III. Conversion Claim
We first address the appellants' claim that the court erred in dismissing their conversion claim. The Stoeckers insist that Joe became Daniel's property on June 13, so Rollie converted the horse to his own use when he entered their property during August of 2002 and removed Joe.
The Stoeckers do not contend that ownership of Joe was transferred by sale. Accordingly, to prevail on their claim for conversion, they were required to prove Rollie gifted Joe to Daniel on June 13, 1999. In order to establish a gift, it was their burden to prove: (1) Rollie possessed the present intention to transfer all his ownership interest in Joe to Daniel without retaining the power of revocation, (2) Joe was delivered to Daniel, and (3) Daniel accepted the horse. Needles v. Shenandoah Nat'l Bank of Shenandoah, 202 Iowa 927, 211 N.W. 392, 392-95 (Iowa 1926); Taylor v. Grimes, 223 Iowa 821, 826, 273 N.W. 898, 901 (1937).
In support of the Stoeckers' contention that the horse was Daniel's property, they offered a video at trial showing Daniel riding Joe on June 13. The video shows Gina telling Daniel in Rollie's presence that the horse was his birthday present as the Stoeckers loaded it into a trailer. The Stoeckers contend that Rollie never refuted Gina's statement; however, the video reveals that Rollie may not have overheard Gina telling Daniel that the horse was his birthday present. In addition, Rollie testified that he did not hear Gina tell Daniel that the horse was Daniel's gift.
For the Stoeckers to prevail, Rollie must have possessed a clear intention to pass all right, title, and dominion over the horse to Daniel. Gray v. Roth, 438 N.W.2d 25, 29 (Iowa Ct.App.1989). After carefully considering the evidence presented, the district court concluded that Rollie never intended to relinquish title to Joe. When we view the evidence in a light most favorable to the court's judgment, we conclude substantial evidence supports the court's conclusion. Rollie testified that he merely loaned Joe to Daniel for use as a 4-H project. This procedure was consistent with Rollie's longstanding practice of allowing his grandchildren to temporarily use his horses as 4-H projects free of charge.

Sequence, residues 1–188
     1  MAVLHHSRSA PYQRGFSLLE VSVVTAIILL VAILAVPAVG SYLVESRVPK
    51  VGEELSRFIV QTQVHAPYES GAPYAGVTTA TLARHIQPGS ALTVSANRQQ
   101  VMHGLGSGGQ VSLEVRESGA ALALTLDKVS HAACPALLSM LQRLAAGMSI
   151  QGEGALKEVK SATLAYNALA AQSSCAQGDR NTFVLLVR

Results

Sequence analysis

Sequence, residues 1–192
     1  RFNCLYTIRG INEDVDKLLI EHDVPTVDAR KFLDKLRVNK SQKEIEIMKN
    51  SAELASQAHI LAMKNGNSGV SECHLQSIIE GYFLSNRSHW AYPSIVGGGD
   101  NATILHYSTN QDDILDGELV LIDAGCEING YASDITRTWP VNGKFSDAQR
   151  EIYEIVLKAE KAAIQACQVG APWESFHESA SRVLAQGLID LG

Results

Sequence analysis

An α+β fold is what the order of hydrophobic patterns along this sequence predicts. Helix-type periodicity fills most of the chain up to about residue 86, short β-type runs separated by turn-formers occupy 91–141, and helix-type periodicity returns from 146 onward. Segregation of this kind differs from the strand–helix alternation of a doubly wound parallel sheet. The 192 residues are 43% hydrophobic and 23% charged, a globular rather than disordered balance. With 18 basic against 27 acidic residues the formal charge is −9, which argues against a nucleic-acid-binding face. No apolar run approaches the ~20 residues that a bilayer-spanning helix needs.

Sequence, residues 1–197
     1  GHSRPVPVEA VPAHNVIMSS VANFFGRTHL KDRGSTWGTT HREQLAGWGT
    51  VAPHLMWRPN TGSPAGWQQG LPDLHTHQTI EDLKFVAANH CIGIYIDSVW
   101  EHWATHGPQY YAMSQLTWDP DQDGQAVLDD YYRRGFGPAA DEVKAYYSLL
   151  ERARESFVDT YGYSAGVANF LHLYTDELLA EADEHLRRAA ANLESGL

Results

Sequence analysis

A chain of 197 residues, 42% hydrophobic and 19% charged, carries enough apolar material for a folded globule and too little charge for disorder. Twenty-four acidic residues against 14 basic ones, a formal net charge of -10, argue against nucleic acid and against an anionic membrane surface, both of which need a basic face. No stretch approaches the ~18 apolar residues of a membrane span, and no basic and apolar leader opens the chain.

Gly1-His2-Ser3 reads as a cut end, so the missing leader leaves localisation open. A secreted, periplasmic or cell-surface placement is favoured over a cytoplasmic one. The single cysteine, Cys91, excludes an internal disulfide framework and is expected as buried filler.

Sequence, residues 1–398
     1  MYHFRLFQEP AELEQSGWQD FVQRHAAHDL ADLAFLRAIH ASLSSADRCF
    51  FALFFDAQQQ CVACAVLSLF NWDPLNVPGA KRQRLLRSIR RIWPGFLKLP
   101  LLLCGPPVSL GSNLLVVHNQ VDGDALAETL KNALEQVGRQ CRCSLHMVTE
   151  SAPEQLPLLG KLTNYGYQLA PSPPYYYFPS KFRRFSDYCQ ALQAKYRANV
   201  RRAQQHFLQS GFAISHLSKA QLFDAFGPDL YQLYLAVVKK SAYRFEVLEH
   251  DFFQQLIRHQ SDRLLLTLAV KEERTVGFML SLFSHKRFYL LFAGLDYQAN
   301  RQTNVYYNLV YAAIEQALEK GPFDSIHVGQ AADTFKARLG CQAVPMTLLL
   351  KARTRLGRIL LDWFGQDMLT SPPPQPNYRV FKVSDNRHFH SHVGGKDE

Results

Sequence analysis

FN4. The Stoeckers contend that when Rollie loaned Joe to relatives, the horse never left the farm, so Joe's lengthy stay at the Stoeckers' acreage suggests that Rollie gave rather than loaned Joe to Daniel. However, Rollie's testimony reveals that when his grandchildren borrowed his horses, he never needed to send them off the property because the grandchildren were located close enough to Rollie's farm to work with the horses there. Furthermore, Rollie testified that Daniel's situation was not unique because Rollie once loaned a horse to a relative in Cedar Falls for two years for a veterinary project free of charge.
We find that the district court did not err in dismissing the Stoeckers' claim for conversion.
IV. Punitive Damages for Trespass
FN5. Rollie admitted that Curt told him he did not have permission to enter the Stoeckers' property.
FN6. Gina testified that Rollie broke a latch on the door to the barn, and Curt testified that Rollie caused some damage to the interior of the barn.
The court concluded the Stoeckers were not entitled to an award of punitive damages under the facts of this case. The Stoeckers now contend the trial court erred in refusing to award punitive damages.
In order for the court to award punitive damages for Rollie's trespass, the Stoeckers had the burden of proving by a preponderance of clear, convincing, and satisfactory evidence that Rollie acted with willful or wanton disregard of their rights. Iowa Code § 668A.1(a) (2003). Punitive damages are only justified if Rollie's acts were malicious. Crawley v. Price, 692 N.W.2d 44, 50 (Iowa Ct.App.2004) (citation omitted). Malice may be actual (expressed) or legal (implied); legal malice occurs when a defendant acts illegally or improperly with a reckless disregard for the rights of others. Id.
The trial court concluded that Rollie did not act with the requisite malice to justify an award of punitive damages. The court concluded that Rollie's testimony revealed he sincerely believed he could enter the Stoeckers' property to retrieve his horse based on the advice of the Boone County Sheriff's Department. The court noted that Rollie retrieved his horse with little, if any, damage in the process. The trial court found that Rollie's actions simply did "not rise to the level of conduct that will support an award of punitive damages." Upon careful review of the record, we conclude the trial court did not err in reaching this conclusion.
We conclude the district court did not err in dismissing the Stoeckers' claim of conversion. We also conclude the court did err in failing to award punitive damages to the Stoeckers. We therefore affirm the district court's decision.